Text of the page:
• Sexual health materials are largely irrelevant to the bodies and lives of trans people. To
address HIV in trans communities, it is important to develop sexual and health resources and
training that are inclusive of the unique bodies and lives of trans people.
• The diversity within the trans community must be recognized in any HIV prevention program.
• Community-based, peer driven interventions are necessary components for HIV prevention
with this highly stigmatized group.
• Trans HIV prevention programming should be integrated into large-scale prevention programs
as well as provided through more targeted programs specific to trans communities and trans
• In a study conducted by the Coalition for Lesbian and Gay Rights in Ontario in 1995, 33
transgendered individuals were interviewed in regards to their experiences with traditional
health care resources and social services. The research uncovered that participants felt they
did not receive the same rights and access to health care and social services as the majority
of Ontario residents 1 .
• A study in Chicago found that female-to-male (FTM) transgendered persons had a significantly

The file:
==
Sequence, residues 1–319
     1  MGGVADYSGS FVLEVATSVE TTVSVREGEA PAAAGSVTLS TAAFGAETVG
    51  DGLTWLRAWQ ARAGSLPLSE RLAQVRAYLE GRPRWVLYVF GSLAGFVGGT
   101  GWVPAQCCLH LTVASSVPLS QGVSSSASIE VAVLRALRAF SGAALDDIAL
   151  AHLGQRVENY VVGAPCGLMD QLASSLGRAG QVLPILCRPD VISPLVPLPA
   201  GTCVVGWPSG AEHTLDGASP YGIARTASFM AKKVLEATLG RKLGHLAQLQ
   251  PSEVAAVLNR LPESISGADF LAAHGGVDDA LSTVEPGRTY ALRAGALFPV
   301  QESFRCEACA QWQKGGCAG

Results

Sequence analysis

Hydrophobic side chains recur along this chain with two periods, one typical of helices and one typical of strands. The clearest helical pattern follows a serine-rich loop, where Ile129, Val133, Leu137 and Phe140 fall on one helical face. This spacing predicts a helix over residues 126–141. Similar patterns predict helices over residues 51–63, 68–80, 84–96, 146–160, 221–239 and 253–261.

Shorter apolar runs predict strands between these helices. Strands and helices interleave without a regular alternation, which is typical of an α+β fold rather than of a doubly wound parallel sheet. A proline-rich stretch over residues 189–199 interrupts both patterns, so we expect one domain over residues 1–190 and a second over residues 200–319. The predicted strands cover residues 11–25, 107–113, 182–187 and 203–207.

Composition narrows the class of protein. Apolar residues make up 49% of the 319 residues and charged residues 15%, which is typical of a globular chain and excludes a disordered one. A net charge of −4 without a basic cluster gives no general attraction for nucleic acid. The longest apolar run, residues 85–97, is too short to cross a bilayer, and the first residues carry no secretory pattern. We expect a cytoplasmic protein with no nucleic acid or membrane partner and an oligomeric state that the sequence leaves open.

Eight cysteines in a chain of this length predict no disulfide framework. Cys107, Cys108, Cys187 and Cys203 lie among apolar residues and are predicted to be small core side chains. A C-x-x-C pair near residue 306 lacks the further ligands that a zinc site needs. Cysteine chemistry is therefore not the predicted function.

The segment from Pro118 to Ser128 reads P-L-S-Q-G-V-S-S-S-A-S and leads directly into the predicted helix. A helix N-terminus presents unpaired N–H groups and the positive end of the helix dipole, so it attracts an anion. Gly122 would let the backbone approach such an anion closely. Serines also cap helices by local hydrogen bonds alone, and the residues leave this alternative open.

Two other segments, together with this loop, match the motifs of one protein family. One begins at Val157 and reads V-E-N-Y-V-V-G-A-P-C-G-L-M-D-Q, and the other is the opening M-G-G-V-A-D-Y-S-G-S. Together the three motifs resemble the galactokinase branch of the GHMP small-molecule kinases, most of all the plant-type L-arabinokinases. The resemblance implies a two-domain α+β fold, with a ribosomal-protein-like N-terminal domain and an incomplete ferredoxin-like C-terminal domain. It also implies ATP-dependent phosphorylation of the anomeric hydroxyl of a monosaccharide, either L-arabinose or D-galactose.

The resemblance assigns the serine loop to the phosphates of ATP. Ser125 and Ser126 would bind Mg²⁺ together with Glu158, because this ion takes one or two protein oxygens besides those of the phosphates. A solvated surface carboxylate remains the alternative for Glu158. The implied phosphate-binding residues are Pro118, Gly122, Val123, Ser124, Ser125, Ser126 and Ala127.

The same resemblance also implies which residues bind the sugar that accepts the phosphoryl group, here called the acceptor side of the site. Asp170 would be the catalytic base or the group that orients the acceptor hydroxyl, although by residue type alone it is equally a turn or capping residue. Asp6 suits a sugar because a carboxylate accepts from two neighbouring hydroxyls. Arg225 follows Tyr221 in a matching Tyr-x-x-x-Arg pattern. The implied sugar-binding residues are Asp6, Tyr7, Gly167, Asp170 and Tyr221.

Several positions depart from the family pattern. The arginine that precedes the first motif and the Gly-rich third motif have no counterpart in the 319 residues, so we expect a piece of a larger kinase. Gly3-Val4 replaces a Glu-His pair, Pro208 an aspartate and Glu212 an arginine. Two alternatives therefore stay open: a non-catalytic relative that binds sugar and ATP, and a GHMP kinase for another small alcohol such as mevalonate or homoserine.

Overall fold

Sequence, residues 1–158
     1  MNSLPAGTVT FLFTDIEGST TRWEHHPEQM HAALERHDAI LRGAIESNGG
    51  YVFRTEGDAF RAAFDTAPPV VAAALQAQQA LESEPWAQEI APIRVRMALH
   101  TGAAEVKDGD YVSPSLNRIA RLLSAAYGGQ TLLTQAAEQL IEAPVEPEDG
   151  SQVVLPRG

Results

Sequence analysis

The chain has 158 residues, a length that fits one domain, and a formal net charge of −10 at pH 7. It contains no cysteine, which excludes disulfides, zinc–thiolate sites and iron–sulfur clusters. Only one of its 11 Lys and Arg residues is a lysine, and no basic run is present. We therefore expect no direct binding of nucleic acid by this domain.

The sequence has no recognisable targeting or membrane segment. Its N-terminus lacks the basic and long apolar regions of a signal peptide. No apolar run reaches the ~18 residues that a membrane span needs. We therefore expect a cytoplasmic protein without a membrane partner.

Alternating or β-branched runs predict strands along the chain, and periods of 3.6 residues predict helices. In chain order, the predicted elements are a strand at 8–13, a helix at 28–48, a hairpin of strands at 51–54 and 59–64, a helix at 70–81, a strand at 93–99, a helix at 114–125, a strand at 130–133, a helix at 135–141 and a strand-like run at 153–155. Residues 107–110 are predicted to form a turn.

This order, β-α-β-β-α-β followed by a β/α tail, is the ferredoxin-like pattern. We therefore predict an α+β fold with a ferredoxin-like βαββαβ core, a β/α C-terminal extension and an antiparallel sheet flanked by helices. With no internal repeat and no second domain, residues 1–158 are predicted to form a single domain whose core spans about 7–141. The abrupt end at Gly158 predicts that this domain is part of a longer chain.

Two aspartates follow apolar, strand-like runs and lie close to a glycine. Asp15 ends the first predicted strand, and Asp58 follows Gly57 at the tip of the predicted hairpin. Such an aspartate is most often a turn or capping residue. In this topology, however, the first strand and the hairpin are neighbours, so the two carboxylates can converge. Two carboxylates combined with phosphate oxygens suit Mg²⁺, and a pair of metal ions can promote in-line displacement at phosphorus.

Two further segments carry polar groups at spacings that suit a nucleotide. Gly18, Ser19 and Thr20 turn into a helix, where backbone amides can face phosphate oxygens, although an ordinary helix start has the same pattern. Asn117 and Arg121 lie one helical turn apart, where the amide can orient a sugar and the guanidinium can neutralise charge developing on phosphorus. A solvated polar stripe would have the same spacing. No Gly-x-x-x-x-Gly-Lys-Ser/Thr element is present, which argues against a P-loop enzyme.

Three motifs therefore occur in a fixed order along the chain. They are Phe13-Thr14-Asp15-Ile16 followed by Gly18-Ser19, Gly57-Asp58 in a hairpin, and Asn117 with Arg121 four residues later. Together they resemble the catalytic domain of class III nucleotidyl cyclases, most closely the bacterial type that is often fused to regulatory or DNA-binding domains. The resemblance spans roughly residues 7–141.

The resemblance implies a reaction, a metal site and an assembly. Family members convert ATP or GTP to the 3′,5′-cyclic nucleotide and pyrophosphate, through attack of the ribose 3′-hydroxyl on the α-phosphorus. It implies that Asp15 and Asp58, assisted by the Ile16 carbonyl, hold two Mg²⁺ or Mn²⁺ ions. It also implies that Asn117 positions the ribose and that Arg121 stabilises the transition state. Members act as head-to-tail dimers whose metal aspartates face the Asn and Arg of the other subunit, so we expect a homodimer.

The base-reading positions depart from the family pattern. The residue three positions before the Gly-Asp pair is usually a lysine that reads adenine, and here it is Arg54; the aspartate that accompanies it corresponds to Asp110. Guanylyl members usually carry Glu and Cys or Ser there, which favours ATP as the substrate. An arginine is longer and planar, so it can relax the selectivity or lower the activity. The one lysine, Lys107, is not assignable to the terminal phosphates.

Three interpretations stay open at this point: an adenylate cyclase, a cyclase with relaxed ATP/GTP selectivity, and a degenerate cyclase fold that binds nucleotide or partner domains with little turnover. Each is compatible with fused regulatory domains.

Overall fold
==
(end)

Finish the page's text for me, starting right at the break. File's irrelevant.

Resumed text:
lower level of HIV knowledge than their male-to-female (MTF) counterparts and that very few
were being tested for HIV even though they engaged in high risk behaviours. The study also
reported a higher level of HIV infection among MTF transgendered people, particularly those
involved in the sex trade 4 .
• Among 515 transgendered people who participated in a needs assessment study in San
Francisco, 68 % of MTFs and 55% of FTMs reported having been forced to have sex at some
point in their lives 5 .
• A qualitative study conducted in Minnesota asked transgendered persons about the impact of
HIV on their lives, their risk factors, their service needs and recruitment strategies for future
studies. Findings indicated that HIV-related stigma compounds existing stigma about ‘coming
out’, sexual experimentation and sex reassignment 6 .
• A Québec needs assessment identified five salient issues with respect to FTMs and HIV: 1)
there is a lack of informational and educational materials about FTM bodies and sexualities;
2) many FTMs do not consider themselves to be at risk for HIV; 3) poor access to
intramuscular needles, used to inject hormones, creates conditions which put FTMs at risk of
HIV transmission; 4) low self esteem may prevent FTMs from adopting safe behaviors with
HIV Prevention in Ontario